Roland Piquepaille's Technology Trends
How new technologies are modifying our way of life

jeudi 6 mai 2004

Two chemists from New York University, William B. Sherman and Nadrian C. Seeman, have created a DNA nanowalker with two legs, each one being 10-nanometers long. This nanoscale bipedal robot moves from one pair of anchors -- strands of DNA -- to another one. This is a major breakthrough for nanoscale manufacturing. And New Scientist says this opens the way for future nanoscopic robots that will assemble other nanomachines or manipulate individual molecules.

Because previous similar molecular-scale efforts have failed, what's the concept behind this breakthrough?

The New York team's biped can "walk" because its DNA-based legs are able to detach themselves from a DNA-based track, move along a bit, then reattach themselves.

Why DNA?

First, unlike other polymers, DNA chains like to pair up. However, two DNA strands will only "zip" together if the sequences of bases in each strand complement each other in the right way - so by tweaking the sequences chemists get a high degree of control over where each strand attaches. Second, researchers hope that cells can one day be engineered to manufacture these DNA-based machines.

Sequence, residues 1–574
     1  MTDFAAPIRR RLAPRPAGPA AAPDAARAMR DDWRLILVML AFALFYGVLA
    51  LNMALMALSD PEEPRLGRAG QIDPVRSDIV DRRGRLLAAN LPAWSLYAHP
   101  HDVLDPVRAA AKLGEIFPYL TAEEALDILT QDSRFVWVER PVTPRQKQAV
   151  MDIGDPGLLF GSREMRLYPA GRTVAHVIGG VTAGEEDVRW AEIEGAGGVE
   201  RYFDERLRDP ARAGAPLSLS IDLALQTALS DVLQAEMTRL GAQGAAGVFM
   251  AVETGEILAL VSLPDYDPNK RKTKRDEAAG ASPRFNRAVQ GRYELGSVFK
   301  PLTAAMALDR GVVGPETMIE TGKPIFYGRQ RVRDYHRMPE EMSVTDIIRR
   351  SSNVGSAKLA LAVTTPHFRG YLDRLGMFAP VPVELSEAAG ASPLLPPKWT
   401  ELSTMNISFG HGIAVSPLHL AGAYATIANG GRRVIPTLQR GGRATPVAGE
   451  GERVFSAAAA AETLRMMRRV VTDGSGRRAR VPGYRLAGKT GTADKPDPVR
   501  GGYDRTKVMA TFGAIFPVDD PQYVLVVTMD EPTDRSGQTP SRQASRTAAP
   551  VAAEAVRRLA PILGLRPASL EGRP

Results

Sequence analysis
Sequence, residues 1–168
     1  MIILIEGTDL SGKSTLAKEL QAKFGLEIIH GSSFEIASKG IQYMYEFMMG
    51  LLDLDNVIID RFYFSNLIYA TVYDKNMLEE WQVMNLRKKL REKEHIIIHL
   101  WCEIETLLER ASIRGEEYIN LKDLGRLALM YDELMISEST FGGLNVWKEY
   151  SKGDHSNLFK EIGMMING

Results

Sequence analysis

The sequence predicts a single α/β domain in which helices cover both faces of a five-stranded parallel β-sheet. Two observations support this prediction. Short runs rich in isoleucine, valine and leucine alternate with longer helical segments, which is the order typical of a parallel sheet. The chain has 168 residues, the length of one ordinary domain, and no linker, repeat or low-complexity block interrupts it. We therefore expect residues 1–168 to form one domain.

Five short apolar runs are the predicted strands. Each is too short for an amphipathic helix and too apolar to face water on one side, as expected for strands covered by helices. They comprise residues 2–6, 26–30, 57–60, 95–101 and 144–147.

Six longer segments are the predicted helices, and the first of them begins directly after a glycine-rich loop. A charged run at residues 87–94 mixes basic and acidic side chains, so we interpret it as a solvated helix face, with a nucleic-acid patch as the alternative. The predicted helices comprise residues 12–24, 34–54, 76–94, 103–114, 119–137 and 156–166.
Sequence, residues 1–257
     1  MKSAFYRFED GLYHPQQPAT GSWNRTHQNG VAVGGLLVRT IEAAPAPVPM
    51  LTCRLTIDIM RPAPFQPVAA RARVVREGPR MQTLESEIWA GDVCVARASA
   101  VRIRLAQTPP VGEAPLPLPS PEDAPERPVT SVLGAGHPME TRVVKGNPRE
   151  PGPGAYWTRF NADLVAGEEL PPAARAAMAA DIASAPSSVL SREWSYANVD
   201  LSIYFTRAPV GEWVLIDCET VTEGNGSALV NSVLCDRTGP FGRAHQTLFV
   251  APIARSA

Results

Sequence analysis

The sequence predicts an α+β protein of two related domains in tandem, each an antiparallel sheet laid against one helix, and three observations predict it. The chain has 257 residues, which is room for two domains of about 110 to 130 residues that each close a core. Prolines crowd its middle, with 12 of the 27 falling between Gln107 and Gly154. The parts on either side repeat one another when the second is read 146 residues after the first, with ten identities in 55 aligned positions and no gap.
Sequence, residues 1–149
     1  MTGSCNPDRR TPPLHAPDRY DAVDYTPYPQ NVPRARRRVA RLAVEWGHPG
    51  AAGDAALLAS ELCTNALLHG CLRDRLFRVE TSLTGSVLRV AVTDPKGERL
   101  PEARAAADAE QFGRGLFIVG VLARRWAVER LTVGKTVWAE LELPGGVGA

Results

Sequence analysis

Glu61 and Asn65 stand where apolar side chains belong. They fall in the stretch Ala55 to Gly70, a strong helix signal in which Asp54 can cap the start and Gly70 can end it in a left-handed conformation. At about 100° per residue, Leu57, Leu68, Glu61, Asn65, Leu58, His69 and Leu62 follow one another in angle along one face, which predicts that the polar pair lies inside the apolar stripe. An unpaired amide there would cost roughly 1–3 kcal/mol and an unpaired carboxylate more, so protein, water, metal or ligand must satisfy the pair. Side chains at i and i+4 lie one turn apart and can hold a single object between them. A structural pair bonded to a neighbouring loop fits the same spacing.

Le's look at how this works.

Each of the legs in the walker is 36 bases long and is made from two strands of DNA that pair up to form a double helix. At the top, a springy portion of each DNA strand runs across from the left leg to the right, linking them together. At the bottom, one of the two strands pokes out of the helix to serve as a sticky foot.
The track, or "footpath", the walker travels on is also made of DNA, and is designed so that unpaired sections of DNA strands stick up like spikes along its length. These act as footholds for the walker. The feet attach to the footholds via "anchor" strands of DNA that match up with the foot sequence at one end and with the foothold at the other.
Because the left and right foot/foothold sequences are unique, each requires a different anchor. So to make the walker take a step, a free piece of DNA called an unset strand is introduced to peel away one of the anchors (see graphic), releasing the foot.

Here is a diagram showing how the nanowalker moves from a pair of anchors to the next one (Credit: Nano Letters)

Here is how the nanowalker moves from a pair of anchors to the next one

Obviously, this is still at the experimental stage. Even the researchers don't say when such nanowalkers will be able to do some real work.

If you are a paying subscriber to Nano Letters, here is a link to the research paper which was published on April 22, 2004, "A Precisely Controlled DNA Biped Walking Device."

Source: Jenny Hogan, New Scientist, May 4, 2004

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